Episode 6, Season 1 of the Social Science of War podcast examines the role of proxy warfare in strategic and great power competition, and how the Army, the military, and the US government as a whole need to prepare for this distinct form of conflict.
Our guests begin by defining what proxy warfare is and whether it will be relevant in strategic competition. They then outline the reasons why states engage in proxy warfare and the unique challenges that delegating security to proxies poses for states. A large part of the conversation explores proxy warfare through the framework of principal-agent theory, to include a discussion on the role of interest alignment between principals and their proxies, and whether a principal can overcome interest misalignment.
Following discussion on the theory of proxy warfare, our guests discuss the implications of proxy warfare for the Army and the broader national security community. The US Army’s Special Forces, or Green Berets, are a force organized, trained, and equipped specifically to engage in proxy warfare. However, our guests note that throughout history conventional military leaders—to include in the context of large-scale combat operations during World War I, World War II, the US invasion of Iraq in 2003, and beyond—have often incorporated proxy forces as part of their broader war plans. If history is precedent, then within strategic competition both special operations forces and conventional forces will need to understand and be prepared to employ proxy warfare approaches.
Dr. Nakissa Jahanbani is an assistant professor in the Department of Social Sciences at West Point and a researcher at the Combating Terrorism Center at West Point. She studies political violence, focusing on questions of state-proxy relationships, specifically Iran’s network of proxies. She has published widely on Iran’s use of proxy warfare, and today’s episode is motivated by her coauthored article, “Iran Entangled: Iran and Hezbollah’s Support to Proxies Operating in Syria.”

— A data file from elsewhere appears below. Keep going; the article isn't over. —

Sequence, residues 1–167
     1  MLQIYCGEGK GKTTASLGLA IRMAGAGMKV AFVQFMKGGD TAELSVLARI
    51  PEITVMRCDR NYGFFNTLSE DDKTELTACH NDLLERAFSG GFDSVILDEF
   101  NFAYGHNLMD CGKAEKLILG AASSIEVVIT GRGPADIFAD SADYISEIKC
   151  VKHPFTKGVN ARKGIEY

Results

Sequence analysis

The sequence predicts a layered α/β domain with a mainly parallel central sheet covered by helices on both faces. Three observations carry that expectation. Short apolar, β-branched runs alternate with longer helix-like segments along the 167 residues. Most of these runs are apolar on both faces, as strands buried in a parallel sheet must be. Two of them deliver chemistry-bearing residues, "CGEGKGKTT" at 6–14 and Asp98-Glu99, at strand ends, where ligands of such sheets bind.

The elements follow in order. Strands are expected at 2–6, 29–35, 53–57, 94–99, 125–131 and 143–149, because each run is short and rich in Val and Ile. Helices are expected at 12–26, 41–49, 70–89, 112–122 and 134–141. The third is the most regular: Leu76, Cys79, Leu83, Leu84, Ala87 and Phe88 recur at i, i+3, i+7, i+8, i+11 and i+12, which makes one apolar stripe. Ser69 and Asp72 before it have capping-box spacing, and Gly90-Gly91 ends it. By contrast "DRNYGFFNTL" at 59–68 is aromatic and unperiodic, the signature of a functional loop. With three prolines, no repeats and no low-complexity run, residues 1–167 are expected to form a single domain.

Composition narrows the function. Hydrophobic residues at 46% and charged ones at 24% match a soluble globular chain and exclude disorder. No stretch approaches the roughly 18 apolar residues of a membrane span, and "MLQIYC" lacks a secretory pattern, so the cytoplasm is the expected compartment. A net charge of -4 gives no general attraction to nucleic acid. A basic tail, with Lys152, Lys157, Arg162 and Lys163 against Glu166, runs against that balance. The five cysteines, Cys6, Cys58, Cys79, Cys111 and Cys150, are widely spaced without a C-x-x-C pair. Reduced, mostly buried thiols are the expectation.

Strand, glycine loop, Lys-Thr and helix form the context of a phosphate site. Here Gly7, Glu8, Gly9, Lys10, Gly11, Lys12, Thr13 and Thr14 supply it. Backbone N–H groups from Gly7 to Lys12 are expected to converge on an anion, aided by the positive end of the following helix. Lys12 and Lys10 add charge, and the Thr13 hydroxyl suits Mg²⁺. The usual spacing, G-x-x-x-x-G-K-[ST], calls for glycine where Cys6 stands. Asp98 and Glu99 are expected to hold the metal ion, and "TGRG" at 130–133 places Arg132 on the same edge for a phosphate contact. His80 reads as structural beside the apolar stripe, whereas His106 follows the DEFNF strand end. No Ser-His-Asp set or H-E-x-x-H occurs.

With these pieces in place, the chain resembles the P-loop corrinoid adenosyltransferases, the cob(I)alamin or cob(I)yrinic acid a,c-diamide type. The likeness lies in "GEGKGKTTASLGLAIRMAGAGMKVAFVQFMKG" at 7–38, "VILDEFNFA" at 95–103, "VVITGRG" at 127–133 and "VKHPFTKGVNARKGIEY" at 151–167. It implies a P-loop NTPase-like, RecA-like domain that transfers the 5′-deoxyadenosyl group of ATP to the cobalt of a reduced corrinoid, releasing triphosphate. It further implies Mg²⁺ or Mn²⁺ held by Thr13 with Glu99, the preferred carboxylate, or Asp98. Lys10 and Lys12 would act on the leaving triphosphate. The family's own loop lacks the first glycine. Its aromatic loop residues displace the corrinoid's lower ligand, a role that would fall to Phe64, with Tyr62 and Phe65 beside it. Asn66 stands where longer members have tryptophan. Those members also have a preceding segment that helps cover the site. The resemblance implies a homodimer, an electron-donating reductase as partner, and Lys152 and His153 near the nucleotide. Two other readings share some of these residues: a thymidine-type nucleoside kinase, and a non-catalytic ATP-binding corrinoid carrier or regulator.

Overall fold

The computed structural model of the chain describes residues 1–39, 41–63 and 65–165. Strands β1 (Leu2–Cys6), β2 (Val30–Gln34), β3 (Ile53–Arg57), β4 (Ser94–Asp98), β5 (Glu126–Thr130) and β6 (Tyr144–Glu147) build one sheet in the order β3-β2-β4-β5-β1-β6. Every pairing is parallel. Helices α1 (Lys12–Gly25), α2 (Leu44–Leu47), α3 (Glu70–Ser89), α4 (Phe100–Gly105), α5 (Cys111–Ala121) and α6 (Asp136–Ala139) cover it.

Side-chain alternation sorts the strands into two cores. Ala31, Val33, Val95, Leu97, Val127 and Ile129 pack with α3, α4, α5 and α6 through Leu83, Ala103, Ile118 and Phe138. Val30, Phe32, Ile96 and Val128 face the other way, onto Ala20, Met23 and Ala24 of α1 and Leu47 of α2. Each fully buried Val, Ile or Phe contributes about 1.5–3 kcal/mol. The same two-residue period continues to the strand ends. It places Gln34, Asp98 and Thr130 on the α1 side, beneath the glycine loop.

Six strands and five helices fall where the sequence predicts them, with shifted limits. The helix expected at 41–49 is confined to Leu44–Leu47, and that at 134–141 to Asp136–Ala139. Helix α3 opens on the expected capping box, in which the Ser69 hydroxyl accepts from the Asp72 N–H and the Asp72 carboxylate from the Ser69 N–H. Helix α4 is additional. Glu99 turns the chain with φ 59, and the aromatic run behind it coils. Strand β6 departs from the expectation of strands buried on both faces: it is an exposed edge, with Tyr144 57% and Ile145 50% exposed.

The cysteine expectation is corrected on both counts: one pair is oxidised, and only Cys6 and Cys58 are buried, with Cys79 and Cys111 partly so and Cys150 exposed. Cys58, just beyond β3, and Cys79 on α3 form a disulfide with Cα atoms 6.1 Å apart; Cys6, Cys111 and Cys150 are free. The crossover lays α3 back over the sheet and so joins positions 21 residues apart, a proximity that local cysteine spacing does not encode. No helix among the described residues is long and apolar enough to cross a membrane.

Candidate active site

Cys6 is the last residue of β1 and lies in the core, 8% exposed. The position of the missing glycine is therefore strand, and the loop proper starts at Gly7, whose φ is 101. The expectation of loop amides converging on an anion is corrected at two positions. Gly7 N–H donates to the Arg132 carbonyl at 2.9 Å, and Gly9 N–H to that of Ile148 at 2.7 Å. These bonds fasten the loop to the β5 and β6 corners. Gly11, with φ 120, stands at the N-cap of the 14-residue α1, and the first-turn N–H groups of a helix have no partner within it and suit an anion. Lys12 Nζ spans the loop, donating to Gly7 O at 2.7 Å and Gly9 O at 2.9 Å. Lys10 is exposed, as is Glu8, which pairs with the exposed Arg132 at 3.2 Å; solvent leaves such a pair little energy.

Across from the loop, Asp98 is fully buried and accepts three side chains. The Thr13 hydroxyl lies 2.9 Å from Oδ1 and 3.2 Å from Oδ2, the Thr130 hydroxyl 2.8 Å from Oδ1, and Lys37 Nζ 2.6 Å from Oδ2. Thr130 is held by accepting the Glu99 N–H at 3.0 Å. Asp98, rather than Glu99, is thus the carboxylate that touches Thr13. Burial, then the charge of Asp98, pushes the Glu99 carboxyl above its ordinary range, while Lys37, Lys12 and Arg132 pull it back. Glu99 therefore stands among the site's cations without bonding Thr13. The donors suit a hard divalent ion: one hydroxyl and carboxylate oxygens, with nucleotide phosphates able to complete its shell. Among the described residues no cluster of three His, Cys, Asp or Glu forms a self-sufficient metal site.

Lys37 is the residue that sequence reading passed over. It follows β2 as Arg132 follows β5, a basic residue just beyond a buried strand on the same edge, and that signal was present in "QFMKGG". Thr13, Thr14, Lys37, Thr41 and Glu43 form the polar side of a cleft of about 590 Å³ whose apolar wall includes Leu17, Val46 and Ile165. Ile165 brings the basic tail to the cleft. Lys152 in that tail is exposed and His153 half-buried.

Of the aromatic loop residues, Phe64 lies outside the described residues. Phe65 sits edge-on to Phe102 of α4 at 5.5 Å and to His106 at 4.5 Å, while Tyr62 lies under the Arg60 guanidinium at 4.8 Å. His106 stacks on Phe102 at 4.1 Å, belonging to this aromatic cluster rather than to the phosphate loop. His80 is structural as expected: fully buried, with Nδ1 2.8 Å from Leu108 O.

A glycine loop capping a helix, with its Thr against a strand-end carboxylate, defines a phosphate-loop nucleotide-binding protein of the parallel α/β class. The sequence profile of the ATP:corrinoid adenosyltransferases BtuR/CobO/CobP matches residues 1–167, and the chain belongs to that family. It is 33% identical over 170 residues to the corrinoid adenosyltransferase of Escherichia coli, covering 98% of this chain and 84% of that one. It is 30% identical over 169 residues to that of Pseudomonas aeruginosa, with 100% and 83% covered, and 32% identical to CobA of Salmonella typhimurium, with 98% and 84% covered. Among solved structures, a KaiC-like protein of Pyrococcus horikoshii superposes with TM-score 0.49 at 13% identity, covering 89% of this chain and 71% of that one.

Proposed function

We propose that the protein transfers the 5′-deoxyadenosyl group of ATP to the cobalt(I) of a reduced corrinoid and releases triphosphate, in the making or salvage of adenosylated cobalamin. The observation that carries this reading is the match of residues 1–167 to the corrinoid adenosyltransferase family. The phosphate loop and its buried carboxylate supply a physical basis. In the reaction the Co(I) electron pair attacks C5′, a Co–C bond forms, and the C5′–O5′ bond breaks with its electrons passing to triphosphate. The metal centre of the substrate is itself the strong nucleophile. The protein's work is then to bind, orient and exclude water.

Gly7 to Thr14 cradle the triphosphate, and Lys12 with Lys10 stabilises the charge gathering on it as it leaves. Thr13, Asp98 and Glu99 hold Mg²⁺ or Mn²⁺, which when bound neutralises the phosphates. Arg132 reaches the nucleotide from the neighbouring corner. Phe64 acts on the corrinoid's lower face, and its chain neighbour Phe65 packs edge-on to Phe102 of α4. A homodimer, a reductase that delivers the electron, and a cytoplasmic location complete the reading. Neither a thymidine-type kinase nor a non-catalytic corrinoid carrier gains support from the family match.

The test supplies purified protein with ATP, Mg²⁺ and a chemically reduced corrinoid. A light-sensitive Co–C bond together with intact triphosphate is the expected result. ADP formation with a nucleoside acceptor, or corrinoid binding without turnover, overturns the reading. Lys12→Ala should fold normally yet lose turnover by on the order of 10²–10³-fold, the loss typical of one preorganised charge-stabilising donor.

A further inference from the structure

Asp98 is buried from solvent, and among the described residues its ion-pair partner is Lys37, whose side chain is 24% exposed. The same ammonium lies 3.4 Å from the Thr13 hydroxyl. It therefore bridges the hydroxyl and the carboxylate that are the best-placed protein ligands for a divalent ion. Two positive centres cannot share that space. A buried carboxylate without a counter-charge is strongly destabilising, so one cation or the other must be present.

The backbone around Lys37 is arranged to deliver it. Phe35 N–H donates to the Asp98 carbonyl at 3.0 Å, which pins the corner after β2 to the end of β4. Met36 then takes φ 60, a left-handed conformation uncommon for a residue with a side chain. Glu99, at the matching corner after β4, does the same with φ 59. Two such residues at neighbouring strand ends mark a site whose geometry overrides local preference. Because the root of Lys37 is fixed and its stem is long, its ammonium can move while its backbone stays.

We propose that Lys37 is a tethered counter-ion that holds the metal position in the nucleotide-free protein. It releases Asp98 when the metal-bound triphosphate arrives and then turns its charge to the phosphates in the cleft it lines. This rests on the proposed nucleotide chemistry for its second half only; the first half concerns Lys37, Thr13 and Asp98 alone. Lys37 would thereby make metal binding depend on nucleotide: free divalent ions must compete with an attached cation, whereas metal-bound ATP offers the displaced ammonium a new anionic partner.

Dr. Vladimir Rauta is a lecturer in politics and international relations at the University of Reading and a fellow at the Irregular Warfare Initiative. He is widely published on proxy warfare, to include as the editor of the forthcoming Routledge Handbook of Proxy Wars for which both host Kyle Atwell and guest Nakissa Jahanbani have contributed chapters.
Lieutenant General Ken Tovo retired as a career Special Forces Officer with almost forty years of experience in the Army, culminating with command of US Army Special Operations Command. He graduated and commissioned as an infantry officer from the United States Military Academy at West Point in 1983. His wide operational experience includes the first Gulf War, refugee relief operations in northern Iraq, noncombatant evacuation operations in Sierra Leone, peacekeeping operations in Bosnia, five tours in Iraq, and one tour in Afghanistan.
The Social Science of War podcast is produced by the Department of Social Sciences at West Point. Visit our website if you would like to be a student or teach in the Department, or if you would like to connect with any of our instructors based on their expertise.
Kyle Atwell created and is the host of the Social Science of War. Please reach out to Kyle with any questions about this episode or the Science of War podcast in general.
Image credit: Emmanuel Rios, Combined Joint Special Operations Task Force–Arabian Peninsula